At the Clinton Global initiative conference, Secretary of State Hillary Clinton said in her speech on Monday, "Violence can never be justified."
Domestic violence, sexual violence, and stalking -- could also be defined as bullying -- are not issues exaggerated in crime dramas on primetime TV in the US. Here's the painful truth: domestic violence is spreading, and destroying the lives of millions and millions of people. The Center for Disease Control and Prevention (CDC) found in a 2011 survey that "these types of violence affect the health of millions of adults." The CDC added, "On average, 24 people per minute are victims of rape, physical violence, or stalking by an intimate partner . . . Over the course of a year, that equals more than 12 million women and men." It should also be kept in mind that these statistics are based upon survivors of abuse who were willing to share their stories. Unfortunately, not everyone is a survivor. Many people remain silent victims, and their stories go untold.
When it comes to those who speak out again domestic abuse, many, such as musicians, political leaders, as well as survivors, have turned to social media as an outlet to denounce the secrets behind this destructive behavior. Indeed, on any given day, a public service announcement (PSA) or some sort of testimonial is posted on You Tube about domestic violence. Many are deeply disturbing, and even depict actual violence. While most of these videos serve to raise awareness about domestic abuse and are created with good intentions, a growing number of them are older, have been recirculated, and don't always provide the best information for the public. That said, in the last 6 months, there have been 3 must-see videos that serve to educate people about the dangers of domestic abuse. These videos -- along with many others -- illustrate how domestic violence, both here and at home, is fast becoming a global epidemic crisis. And that is one of the reasons why the UN highlighted the issue on Peace Day.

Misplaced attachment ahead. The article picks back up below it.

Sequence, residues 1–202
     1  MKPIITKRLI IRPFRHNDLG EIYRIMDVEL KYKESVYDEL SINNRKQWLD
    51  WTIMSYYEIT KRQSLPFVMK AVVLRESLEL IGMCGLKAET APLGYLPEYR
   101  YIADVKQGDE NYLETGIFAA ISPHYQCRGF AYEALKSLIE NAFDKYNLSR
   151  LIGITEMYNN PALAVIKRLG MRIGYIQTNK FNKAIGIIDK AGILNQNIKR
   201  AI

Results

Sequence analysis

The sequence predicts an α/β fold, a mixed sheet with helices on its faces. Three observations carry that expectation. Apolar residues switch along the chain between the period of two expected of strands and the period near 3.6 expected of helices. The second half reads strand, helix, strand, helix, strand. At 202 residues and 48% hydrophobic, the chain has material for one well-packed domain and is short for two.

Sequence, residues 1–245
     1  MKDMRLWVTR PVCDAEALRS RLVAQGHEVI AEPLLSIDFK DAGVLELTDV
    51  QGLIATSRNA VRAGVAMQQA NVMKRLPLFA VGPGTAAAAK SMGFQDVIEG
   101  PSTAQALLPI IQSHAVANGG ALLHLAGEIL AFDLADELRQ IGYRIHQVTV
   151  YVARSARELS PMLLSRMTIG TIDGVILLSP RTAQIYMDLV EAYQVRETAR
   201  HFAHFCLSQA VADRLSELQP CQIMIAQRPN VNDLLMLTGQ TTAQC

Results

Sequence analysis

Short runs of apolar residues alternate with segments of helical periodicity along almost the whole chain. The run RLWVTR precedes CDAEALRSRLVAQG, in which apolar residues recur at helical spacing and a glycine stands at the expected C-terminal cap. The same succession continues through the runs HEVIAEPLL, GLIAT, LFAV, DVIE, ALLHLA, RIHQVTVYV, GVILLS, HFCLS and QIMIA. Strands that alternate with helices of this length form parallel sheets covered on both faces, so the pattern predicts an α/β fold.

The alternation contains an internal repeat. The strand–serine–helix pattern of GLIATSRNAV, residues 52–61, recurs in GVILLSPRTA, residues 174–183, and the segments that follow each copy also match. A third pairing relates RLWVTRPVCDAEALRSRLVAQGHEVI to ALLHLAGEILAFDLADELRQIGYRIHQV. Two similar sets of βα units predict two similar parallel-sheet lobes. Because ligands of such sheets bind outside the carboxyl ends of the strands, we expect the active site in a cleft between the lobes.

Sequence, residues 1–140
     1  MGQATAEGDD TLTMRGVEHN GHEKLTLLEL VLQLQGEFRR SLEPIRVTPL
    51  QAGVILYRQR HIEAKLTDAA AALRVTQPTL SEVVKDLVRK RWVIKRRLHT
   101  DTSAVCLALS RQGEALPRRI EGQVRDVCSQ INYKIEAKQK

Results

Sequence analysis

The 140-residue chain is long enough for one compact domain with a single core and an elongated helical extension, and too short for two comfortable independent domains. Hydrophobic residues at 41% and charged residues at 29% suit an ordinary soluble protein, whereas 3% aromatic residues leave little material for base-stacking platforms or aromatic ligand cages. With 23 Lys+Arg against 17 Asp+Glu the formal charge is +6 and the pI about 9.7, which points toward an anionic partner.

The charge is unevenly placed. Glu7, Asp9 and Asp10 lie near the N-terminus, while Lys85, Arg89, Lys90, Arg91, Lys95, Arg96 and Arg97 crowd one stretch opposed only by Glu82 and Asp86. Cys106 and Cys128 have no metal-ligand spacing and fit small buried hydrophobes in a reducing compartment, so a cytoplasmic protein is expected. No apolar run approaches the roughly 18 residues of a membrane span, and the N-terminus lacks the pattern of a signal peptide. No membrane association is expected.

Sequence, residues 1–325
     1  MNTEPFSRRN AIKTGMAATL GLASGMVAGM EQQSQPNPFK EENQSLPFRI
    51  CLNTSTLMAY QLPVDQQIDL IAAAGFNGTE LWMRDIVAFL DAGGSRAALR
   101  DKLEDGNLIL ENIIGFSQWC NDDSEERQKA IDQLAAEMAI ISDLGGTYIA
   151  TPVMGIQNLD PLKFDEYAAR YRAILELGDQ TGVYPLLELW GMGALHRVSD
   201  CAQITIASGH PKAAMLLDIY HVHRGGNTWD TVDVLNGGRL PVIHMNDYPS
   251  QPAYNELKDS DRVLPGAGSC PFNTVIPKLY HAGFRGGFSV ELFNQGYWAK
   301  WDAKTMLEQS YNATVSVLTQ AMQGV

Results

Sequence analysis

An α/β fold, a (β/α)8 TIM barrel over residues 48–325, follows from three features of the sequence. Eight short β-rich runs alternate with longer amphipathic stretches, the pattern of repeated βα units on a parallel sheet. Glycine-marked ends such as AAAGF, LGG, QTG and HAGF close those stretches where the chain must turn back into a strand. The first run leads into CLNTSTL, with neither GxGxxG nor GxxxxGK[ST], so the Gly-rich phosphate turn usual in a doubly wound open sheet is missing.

David Hodges is Montreal's favorite hip hop artist. He and Parnell wrote the song "Secrets," which condemns domestic abuse, and depicts an angry father beating his teenage son. His sister -- played by Parnell -- pays witness to her father's vicious behavior. Unlike other videos that depict abuse, this video doesn't end on a negative note. In fact, the abusive father is confronted by his older son as the song draws to an end. Spoiler alert: for those hoping for a justified moment of revenge will be disappointed. Instead, the oldest son of the father walks into a bedroom, where the father had been screaming at his other son, looks him straight in the eye, touches his chest, and shakes his head. In the doorway, Parnell stands with her head crestfallen. The older son also looks down at the ground, and the father reacts with shame and collapses onto the bed. This offers hope, as it demonstrates that the victims aren't the only ones who need attention. Hodges is clearly indicating that abusers must be educated about their violent tendencies, too. While there are music videos that depict domestic abuse, Hodges's stays on message about the possibility of putting such behavior to an end and exposing it. This music PSA ends with perfection by providing organizations that can help someone who is being abused.